I've seen quite a few movies and TV shows recently that seem to be focused on families and pain. Maybe you can't have one without the other. You certainly can't have a strong connection to someone without an increased worry about losing them, that much is for sure. The Levelling is about loss, but it's about someone losing their life in a way that creates a sudden void in the lives of others, perhaps urging them to rethink whether or not they want to stay disconnected from other people who share their worries and hurt.
Ellie Kendrick plays Clover, a young woman who has to return to the family farm after receiving the news that her younger brother, Harry, has shot himself. This means that Clover has to deal with her father, Aubrey (David Troughton), a man who doesn't seem to view her as the capable and intelligent young woman she is. There's also a few lads ready to help work on getting the farm back into shape, including James (Jack Holden), who was a friend to Harry. The more that Clover discovers about the way her brother was running the farm, the more questions start to arise.
A slow-moving film, The Levelling shows just how suddenly drops of grief and resentment can build up to create a raging river. The title of the film can be taken a number of different ways, but I think it mainly refers to the accusatory tone that Clover and her father aim at one another, as well as a reminder that death itself IS the great leveller. Bearing that in mind, many scenes work as well as they do because of the layers of what is said, what is unsaid, and what is being twisted up in the pained minds of characters who aren't necessarily the best communicators in the best of circumstances.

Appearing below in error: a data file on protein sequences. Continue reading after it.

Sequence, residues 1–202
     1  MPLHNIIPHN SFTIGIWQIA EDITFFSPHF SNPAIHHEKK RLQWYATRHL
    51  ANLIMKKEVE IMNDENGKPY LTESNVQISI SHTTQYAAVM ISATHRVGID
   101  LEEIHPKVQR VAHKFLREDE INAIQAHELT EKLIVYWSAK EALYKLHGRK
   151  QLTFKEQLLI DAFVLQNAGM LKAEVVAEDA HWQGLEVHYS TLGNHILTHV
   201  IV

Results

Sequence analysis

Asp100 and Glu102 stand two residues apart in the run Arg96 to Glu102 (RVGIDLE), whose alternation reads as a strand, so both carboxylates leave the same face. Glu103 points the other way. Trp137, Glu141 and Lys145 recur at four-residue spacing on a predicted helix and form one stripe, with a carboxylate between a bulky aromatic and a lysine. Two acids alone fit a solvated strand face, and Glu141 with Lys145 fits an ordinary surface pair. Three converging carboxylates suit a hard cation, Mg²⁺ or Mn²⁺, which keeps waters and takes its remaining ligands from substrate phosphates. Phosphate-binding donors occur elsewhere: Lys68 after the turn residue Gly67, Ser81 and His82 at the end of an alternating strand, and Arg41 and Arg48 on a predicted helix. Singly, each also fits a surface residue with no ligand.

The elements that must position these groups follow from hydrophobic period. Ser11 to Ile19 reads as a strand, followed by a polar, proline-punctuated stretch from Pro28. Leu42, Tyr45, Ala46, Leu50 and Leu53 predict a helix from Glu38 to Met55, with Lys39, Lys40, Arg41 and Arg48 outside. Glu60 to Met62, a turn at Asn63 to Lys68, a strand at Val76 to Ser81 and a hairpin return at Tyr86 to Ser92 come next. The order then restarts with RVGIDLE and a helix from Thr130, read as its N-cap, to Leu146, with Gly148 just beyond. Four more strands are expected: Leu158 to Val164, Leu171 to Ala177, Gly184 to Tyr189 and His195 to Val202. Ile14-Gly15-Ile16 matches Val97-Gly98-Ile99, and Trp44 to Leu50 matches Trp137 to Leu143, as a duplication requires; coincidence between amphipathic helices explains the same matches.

Writer-director Hope Dickson Leach does well with her feature debut, keeping everything nicely tight and focused, thematically, and allowing for many moments that show characters working around one another, whether that is trying to run the farm or trying to get answers to probing questions. Although it’s a very small central cast, basically just a two-hander for many scenes, Leach is also helped by having the right people onscreen.
Kendrick and Troughton are both equally excellent, the former trying to keep her hurt and confusion contained while keeping herself busy on the farm, the latter realising just how his life has suffered from the loss of his children, even before the sudden death of his son. Holden does very well in his one or two main scenes, and Joe Blakemore appears in flashback to give us the very briefest glimpse of the deceased Harry.
Not necessarily an easy watch, it is cold and slightly awkward at times, but that is how it should be. That is how it can feel when grief forces people to reunite, to reconsider the past, present, and future, and to keep everything moving along when all you really want to do is hide under a duvet and cry your heart out.
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